he/she is never ever the same.

    No matter on what “level” one reads these dualistic novels, one is touched by their change agents.

  19. Milton and lofty
    Milton and lofty agendas

    First, thank you for asking these questions and lessening my woeful illiteracy at least a little bit. I would say that it is impossible NOT to have an agenda when writing, even when writing for oneself, even if the agenda or purpose is not known at the time. (And no, I do not wish to go into Heidegger territory at this time, or at any time for that matter.)

    Lofty ideals are at best inspiration for more coherent and grounded writing. I think they also tend to emerge sometimes unintentionally, and perhaps most effectively when we do not plan on them. In other words, to set out to write a magnum opus from the beginning is not the best plan. To have one develop that ends up communicating far more than originally planned is more natural–it just speaks to the writing process more honestly.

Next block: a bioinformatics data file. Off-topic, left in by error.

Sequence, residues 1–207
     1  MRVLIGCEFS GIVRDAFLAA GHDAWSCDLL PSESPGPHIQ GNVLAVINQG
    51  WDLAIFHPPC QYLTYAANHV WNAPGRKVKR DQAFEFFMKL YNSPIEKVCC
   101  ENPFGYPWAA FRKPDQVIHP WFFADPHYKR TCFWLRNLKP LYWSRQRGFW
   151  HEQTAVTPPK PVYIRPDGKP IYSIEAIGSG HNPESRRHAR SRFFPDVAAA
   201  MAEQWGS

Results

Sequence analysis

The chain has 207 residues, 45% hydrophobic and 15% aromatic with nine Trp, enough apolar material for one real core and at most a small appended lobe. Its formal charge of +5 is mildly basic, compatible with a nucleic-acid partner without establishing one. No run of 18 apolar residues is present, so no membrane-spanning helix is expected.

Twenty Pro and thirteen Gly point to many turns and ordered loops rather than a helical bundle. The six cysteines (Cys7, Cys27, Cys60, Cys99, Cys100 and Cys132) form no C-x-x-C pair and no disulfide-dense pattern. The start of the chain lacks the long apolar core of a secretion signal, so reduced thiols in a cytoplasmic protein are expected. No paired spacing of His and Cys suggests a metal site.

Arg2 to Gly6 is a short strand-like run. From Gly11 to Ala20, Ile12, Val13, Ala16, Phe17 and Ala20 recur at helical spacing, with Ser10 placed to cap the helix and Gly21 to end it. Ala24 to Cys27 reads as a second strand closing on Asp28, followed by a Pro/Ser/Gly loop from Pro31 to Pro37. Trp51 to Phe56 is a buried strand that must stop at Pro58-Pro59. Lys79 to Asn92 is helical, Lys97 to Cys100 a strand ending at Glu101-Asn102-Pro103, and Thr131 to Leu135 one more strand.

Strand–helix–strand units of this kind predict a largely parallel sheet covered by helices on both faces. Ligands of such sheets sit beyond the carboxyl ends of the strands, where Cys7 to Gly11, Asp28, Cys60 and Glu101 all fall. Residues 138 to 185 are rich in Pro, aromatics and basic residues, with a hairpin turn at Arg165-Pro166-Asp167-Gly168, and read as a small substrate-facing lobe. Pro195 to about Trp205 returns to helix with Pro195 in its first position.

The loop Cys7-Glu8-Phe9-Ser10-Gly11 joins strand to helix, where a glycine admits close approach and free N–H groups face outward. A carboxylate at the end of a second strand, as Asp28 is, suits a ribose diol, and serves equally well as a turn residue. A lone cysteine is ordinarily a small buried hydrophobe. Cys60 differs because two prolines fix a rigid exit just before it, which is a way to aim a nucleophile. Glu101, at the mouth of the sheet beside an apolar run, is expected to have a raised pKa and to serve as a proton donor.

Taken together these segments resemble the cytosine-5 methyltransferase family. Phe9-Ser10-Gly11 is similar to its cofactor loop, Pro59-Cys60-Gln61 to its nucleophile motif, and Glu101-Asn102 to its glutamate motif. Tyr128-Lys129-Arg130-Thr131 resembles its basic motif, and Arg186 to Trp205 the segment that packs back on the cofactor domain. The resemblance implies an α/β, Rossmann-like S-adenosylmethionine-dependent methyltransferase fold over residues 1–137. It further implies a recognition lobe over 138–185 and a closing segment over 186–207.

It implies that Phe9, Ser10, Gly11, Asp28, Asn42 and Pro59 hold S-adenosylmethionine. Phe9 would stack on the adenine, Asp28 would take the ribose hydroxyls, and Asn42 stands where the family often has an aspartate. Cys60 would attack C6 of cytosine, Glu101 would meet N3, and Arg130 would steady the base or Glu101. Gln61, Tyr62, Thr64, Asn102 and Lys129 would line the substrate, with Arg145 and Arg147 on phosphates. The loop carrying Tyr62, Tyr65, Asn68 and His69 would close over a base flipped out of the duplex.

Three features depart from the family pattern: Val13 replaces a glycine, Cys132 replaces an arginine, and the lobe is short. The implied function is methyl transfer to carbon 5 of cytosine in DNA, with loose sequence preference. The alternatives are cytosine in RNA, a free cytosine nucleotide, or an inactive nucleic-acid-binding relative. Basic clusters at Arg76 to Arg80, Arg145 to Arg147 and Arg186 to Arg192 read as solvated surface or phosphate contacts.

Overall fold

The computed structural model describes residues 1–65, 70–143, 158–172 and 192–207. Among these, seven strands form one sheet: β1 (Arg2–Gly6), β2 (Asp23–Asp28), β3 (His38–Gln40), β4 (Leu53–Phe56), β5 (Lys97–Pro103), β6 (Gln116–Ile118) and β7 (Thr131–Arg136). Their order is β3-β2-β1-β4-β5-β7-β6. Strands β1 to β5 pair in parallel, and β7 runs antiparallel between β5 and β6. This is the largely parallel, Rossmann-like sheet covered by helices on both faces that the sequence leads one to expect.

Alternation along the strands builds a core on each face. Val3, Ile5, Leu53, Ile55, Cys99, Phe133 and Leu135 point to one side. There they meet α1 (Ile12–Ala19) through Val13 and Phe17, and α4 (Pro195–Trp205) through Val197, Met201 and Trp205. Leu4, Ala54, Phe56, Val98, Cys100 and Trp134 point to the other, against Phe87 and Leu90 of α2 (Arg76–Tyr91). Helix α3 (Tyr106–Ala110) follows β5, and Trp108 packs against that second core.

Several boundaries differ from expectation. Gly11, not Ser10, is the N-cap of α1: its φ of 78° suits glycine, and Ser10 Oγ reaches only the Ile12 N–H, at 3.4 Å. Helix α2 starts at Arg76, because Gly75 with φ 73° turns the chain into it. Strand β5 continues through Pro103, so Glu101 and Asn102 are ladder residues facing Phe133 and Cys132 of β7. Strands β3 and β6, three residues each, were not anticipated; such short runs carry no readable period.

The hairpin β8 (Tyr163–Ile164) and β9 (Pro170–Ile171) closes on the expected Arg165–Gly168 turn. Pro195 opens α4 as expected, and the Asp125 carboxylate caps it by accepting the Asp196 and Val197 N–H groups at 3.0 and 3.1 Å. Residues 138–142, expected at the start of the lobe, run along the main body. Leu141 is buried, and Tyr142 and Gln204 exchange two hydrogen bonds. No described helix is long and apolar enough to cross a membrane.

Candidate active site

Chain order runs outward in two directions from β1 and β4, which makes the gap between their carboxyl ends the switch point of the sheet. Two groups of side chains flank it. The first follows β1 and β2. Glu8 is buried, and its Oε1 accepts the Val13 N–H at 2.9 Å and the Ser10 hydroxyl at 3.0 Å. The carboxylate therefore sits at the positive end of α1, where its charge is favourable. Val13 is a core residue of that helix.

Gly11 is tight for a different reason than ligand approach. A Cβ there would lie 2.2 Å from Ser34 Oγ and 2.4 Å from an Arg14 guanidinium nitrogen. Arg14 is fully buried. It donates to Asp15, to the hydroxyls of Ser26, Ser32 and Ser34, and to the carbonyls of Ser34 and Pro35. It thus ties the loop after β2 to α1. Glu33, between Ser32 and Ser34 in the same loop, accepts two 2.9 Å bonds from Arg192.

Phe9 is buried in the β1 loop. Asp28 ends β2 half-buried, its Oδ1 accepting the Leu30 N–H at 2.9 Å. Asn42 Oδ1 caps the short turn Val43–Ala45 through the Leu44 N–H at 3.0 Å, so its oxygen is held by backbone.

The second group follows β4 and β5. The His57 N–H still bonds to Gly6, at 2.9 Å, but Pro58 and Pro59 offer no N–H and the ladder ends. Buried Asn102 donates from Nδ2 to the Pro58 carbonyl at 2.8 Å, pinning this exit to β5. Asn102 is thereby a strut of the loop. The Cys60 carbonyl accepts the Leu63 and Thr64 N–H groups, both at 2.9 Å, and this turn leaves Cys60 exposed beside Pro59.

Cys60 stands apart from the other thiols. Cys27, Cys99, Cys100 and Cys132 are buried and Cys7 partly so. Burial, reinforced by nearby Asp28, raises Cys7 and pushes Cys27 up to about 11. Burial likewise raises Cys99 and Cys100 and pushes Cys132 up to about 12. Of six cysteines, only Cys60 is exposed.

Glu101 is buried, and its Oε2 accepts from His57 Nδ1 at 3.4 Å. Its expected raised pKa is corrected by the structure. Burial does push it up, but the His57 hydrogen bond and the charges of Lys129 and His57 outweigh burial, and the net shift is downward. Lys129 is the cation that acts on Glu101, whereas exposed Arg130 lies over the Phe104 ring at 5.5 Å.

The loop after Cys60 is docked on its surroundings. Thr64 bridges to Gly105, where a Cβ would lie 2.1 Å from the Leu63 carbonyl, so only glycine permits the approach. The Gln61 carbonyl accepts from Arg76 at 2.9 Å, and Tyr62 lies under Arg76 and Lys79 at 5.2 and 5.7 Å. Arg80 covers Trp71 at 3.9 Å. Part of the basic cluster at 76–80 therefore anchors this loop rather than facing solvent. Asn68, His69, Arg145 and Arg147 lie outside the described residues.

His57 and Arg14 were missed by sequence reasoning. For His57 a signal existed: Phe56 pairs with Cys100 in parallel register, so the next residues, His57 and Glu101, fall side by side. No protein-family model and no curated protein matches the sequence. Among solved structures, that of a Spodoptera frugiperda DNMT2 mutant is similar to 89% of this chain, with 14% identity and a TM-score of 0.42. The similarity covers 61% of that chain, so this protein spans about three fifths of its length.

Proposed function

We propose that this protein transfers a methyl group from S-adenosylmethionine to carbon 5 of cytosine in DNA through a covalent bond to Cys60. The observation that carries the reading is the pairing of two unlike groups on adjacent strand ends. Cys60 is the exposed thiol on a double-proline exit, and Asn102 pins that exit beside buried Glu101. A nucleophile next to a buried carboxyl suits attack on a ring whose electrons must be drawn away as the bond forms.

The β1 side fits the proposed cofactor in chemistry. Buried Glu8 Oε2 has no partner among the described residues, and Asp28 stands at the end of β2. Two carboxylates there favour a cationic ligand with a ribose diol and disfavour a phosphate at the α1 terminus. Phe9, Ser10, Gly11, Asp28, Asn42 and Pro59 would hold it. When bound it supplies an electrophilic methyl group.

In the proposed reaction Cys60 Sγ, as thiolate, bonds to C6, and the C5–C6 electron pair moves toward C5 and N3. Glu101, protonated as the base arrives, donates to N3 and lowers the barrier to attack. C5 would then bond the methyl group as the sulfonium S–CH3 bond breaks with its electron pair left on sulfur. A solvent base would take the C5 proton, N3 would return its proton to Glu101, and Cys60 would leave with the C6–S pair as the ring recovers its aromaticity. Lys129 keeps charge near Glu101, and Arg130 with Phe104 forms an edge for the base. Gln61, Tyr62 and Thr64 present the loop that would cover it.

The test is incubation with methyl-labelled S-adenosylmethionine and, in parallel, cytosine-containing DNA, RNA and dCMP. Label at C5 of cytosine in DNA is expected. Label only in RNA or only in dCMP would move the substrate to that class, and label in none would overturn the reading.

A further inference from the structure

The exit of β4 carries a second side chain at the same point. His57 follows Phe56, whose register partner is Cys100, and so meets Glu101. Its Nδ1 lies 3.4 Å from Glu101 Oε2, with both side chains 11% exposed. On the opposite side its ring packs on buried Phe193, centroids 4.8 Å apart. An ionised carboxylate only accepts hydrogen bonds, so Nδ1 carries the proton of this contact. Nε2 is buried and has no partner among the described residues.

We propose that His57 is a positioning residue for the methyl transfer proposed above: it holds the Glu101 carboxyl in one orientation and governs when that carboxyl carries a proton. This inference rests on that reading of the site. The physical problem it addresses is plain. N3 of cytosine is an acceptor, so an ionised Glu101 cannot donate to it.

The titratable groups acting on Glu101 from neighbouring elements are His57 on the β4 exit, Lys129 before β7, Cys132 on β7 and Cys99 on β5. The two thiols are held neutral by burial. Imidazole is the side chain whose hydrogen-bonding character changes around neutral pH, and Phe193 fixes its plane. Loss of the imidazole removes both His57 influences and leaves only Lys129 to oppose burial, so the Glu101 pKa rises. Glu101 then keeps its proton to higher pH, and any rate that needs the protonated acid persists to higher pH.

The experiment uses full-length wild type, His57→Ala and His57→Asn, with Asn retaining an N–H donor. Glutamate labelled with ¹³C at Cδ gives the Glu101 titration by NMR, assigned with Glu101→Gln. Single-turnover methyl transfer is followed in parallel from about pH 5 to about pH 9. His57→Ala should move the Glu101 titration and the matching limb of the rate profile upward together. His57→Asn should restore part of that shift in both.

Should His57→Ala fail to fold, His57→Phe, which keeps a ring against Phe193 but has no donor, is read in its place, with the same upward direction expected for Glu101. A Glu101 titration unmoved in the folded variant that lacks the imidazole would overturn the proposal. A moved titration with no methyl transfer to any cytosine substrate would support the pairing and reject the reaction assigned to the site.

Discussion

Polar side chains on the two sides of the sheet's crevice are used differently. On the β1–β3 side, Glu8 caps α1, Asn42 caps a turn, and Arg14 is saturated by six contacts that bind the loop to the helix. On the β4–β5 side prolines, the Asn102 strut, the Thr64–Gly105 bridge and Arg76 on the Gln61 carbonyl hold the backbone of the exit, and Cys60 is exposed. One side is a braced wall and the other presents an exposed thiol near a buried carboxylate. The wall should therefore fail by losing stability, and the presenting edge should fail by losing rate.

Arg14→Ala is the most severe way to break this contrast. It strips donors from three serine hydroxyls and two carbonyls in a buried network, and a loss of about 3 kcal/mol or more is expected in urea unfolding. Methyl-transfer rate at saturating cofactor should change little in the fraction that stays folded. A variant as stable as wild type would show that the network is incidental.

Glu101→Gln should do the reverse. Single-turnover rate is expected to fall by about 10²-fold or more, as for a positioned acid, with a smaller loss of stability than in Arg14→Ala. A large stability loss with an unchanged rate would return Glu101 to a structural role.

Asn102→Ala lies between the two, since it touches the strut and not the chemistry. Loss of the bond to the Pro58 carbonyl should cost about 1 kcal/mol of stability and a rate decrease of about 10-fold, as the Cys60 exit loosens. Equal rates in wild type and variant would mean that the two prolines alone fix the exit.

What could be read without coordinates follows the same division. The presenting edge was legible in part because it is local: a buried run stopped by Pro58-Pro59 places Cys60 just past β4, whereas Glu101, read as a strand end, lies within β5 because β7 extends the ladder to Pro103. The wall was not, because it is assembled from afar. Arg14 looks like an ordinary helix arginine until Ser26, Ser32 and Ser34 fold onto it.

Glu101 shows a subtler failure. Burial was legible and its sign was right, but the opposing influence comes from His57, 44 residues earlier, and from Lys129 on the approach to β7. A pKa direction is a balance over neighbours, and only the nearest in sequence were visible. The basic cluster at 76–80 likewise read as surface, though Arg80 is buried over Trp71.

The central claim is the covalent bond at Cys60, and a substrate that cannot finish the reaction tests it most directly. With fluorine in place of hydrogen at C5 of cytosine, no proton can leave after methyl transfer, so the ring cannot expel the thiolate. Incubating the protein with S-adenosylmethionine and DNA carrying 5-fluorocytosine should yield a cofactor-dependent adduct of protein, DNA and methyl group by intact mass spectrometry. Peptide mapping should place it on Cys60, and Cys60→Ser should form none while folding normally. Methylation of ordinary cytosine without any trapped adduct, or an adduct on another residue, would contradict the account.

Did Milton start out with the plan to justify God’s goodness to men in a time of “evil” and chaos? The academic in me says “of course,” while the writer in me says “not a chance.” When one factors in the always difficult attempt to evaluate a political situation as it unfolds, one has to think that Milton was more possessed by his muse (at least to begin with), than by a complete understanding of his current situation before putting pen to palimpsest (egad, I hope I used that word correctly).

    But again, the academic in me says that such masterworks are in the process of being written long before they are realized, and this idea does jibe with the writer in me. We are always creating/ thinking on some level, and the trick seems to be to always be ready to attack at the right time. Hey, some writers are great, and some have greatness thrust upon them…

    Then again, I could be completely wrong, and I am sure you will let me know just how much.